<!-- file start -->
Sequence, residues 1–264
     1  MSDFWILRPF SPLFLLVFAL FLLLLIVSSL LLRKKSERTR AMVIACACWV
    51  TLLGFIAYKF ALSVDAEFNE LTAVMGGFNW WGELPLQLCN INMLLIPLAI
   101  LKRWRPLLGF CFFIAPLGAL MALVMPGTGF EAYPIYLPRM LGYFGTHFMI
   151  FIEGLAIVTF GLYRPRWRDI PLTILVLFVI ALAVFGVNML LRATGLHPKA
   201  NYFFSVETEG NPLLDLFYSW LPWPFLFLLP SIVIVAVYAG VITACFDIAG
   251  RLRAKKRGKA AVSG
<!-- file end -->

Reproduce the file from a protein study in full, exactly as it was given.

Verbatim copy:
Sequence, residues 1–264
     1  MSDFWILRPF SPLFLLVFAL FLLLLIVSSL LLRKKSERTR AMVIACACWV
    51  TLLGFIAYKF ALSVDAEFNE LTAVMGGFNW WGELPLQLCN INMLLIPLAI
   101  LKRWRPLLGF CFFIAPLGAL MALVMPGTGF EAYPIYLPRM LGYFGTHFMI
   151  FIEGLAIVTF GLYRPRWRDI PLTILVLFVI ALAVFGVNML LRATGLHPKA
   201  NYFFSVETEG NPLLDLFYSW LPWPFLFLLP SIVIVAVYAG VITACFDIAG
   251  RLRAKKRGKA AVSG